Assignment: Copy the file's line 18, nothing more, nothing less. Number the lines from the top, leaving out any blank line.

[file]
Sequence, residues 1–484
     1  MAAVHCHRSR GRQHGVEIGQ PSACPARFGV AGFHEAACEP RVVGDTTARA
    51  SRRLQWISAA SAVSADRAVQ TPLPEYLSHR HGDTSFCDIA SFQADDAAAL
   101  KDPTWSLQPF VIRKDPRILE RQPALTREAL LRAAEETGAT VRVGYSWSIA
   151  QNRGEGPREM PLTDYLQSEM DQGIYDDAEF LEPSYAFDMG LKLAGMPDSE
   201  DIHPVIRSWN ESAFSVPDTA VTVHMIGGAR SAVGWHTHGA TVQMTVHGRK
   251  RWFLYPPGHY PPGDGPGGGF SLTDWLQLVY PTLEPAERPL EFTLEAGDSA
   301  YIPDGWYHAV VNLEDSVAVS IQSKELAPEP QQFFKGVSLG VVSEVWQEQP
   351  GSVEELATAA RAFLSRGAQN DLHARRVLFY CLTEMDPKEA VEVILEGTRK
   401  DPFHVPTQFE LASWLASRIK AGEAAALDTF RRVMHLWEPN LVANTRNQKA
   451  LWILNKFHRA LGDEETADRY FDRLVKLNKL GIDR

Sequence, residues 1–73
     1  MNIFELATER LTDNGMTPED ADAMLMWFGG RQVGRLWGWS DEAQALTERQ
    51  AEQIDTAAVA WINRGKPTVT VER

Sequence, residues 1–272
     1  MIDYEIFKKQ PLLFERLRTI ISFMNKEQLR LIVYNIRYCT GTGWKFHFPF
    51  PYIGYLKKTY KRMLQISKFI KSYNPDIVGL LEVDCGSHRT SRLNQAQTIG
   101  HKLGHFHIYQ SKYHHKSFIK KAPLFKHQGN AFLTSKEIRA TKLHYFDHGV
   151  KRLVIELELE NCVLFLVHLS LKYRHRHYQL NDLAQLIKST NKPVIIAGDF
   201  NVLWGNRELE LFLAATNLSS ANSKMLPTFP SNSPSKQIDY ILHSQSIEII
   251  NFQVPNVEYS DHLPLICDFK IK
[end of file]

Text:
   101  HKLGHFHIYQ SKYHHKSFIK KAPLFKHQGN AFLTSKEIRA TKLHYFDHGV